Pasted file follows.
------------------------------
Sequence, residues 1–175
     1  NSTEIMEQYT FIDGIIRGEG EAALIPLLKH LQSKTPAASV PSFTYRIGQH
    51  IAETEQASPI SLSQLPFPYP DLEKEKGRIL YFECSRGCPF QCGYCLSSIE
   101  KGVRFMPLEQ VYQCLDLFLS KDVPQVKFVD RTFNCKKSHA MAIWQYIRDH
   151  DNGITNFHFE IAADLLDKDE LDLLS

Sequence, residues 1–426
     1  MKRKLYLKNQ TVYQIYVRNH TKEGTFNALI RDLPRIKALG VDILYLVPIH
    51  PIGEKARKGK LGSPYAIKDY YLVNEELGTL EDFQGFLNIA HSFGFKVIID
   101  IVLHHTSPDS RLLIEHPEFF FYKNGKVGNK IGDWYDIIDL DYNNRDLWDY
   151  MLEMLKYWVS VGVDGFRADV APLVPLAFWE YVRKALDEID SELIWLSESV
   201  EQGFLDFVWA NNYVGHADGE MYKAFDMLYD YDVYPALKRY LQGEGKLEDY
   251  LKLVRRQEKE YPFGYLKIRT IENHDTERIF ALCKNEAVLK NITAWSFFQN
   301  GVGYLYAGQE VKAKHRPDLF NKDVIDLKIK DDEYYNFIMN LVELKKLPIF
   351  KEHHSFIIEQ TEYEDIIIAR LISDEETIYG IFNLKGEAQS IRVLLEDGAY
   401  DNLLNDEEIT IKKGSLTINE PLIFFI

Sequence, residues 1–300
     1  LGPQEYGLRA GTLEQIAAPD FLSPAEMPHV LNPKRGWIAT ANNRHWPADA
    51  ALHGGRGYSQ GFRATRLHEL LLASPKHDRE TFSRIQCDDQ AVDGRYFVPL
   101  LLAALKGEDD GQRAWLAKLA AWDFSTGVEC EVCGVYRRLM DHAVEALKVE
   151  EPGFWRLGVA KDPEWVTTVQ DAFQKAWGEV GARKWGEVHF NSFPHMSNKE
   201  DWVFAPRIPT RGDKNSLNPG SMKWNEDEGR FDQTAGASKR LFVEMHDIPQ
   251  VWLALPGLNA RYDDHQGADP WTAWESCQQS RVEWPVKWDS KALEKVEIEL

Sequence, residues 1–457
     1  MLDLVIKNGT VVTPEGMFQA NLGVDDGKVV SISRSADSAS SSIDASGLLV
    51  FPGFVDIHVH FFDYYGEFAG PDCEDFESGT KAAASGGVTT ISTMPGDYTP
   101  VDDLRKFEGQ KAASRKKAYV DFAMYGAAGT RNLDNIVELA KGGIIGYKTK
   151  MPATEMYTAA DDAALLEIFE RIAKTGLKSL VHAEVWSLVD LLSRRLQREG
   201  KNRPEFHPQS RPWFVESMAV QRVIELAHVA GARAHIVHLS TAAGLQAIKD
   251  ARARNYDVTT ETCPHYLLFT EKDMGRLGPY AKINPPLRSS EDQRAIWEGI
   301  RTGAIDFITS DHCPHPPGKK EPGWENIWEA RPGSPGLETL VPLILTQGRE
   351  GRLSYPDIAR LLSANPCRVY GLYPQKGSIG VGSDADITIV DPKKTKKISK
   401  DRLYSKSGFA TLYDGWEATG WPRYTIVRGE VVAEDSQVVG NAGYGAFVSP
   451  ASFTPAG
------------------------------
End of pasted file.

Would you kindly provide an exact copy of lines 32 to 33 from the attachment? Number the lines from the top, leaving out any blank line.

   401  DRLYSKSGFA TLYDGWEATG WPRYTIVRGE VVAEDSQVVG NAGYGAFVSP
   451  ASFTPAG